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dc.creatorBenson, Charlotte Louise
dc.date.accessioned2007-03-22T02:24:25Z
dc.date.available2007-03-22T02:24:25Z
dc.date.issued1/1/1984 0:00
dc.identifier.urihttp://hdl.handle.net/2376/767
dc.descriptionThesis (Ph.D.), University of Washington
dc.description.abstractTo explain organizational change on the northern edge of prehistoric Anasazi occupation, a large block was archaeologically surveyed in southeast Utah. Resulting site distributions are used to interpret community patterns, and explain temporal change. Pueblo sites are grouped into temporal sets based on ceramic variation. Sites are functionally classified, and their activity ranges measured. Relative sedentariness and permanence of settlements is assessed, and the use of the study area found to become increasingly temporary and impermanent after AD 1200. This pattern shift is interpreted not as evidence for social structural change, but of organizational variation and the maintenance of mobility as an adaptive strategy in a fluctuating environment. Social organization and structure are differentiated through a review of work on social complexity in the northern Southwest. An archaeological method for explaining social change is advanced.en_US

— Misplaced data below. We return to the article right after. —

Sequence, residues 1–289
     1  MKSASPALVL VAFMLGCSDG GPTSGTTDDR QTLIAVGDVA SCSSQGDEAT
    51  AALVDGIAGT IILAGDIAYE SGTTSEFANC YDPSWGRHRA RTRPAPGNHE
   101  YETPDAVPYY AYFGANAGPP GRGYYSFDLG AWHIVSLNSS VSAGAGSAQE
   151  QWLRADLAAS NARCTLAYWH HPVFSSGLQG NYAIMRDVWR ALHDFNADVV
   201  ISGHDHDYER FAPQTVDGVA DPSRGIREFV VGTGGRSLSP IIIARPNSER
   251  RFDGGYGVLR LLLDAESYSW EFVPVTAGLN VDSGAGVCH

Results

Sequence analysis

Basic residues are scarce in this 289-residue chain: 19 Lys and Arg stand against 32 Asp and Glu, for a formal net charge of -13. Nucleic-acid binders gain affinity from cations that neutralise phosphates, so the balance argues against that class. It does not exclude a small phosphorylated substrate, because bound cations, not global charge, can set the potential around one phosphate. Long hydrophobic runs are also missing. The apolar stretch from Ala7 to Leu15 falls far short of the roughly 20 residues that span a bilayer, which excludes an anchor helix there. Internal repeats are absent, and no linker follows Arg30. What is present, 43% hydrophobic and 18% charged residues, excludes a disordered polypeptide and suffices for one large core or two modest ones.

dc.languageEnglish
dc.rightsopenAccess
dc.rights.urihttp://purl.org/eprint/accessRights/OpenAccess
dc.subjectAncestral Pueblo
dc.subjectCedar Mesa (San Juan County, Utah)
dc.subjectSoutheastern Utah
dc.subjectAntiquities
dc.subjectOrganizational change
dc.titleExplaining Organizational Change: Anasazi Community Patterns
dc.typeElectronic Thesis or Dissertation


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  • Cedar Mesa Research Materials
    This collection includes theses, dissertations, publications, presentations, and other research materials related to the Cedar Mesa Project managed by William (Bill) Lipe and R.G. Matson.

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